Sunday, January 27, 2013

Open Meadow - Original Impressionist Style Landscape Painting of Trees In a Meadow

"Open Meadow" | 8" x 10" | Oil On Canvas Panel

Available at
©2012 by Kim VanDerHoek

This was a fun exercise I had my students do - we painted most of this view upside down. The lesson was how to simplify your painting into masses. Once everyone put the big shapes down onto their canvases most of the painting was complete. I actually heard a few gasps when we turned them right side up and they looked like landscapes. After that we added a few details to bring it all together. It was such a good lesson that I think I saw a few light bulbs light up over my students' heads.

This meadow is located in Sonoma, California and it is part of a nearby farm. It is a peaceful spot, just a short ways away from a very busy highway.

The challenge of painting this area is, knowing how to mix a wide variety of greens in order to create the illusion of reality and depth on the canvas. I did my best to let as many brush strokes show as possible, which helps give the painting a spontaneous and fresh feeling.

(You may not reproduce this image in any way without my permission.)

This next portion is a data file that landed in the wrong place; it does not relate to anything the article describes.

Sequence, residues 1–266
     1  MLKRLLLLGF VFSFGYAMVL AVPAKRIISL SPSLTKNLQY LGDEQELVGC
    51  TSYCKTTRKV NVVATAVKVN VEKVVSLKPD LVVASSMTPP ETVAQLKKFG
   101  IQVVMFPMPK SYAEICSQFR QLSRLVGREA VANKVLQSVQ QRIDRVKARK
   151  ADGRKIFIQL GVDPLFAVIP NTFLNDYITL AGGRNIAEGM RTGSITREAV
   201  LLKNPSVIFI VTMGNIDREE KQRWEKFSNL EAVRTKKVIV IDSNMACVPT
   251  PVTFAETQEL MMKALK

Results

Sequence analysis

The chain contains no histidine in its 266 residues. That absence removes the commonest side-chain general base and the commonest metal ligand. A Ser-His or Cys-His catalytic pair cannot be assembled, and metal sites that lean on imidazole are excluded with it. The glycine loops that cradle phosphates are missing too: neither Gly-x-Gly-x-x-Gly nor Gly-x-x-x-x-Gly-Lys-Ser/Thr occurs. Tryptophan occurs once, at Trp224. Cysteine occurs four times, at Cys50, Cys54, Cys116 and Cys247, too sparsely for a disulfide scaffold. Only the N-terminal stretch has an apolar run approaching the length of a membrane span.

Thursday, January 24, 2013

Painting In Big Bear - Plein Air Painting In Big Bear - Plein Air Painter - Painting In Snow

The week after Christmas my husband and I took the kids to Big Bear for some fun in the snow. We decided to go for a short hike, find a spot for lunch and take a little time to let the kids play in the snow while I knocked out a quick painting. You know what they say about the best laid plans, right? All went well until after lunch when I began setting up my easel (I call this the "easel phenomenon" and it happens a lot. Some of you are familiar with the cow story, right?). The clouds rolled in, the temperature dropped, my daughter got tired, started crying uncontrollably and it began to snow. My husband did his best to add layers of clothes to our three-year old to get her warm and to find fun things to keep her busy but, nothing worked. The peaceful setting was no longer peaceful. She was so loud at one point that a group of hikers came over to make sure she was O.K.

When I go out with my family to paint it's usually a compromise for all of us. They have to stay in one area longer than they would normally like to and I have to pick whatever view is handy and try to make a decent painting out if it.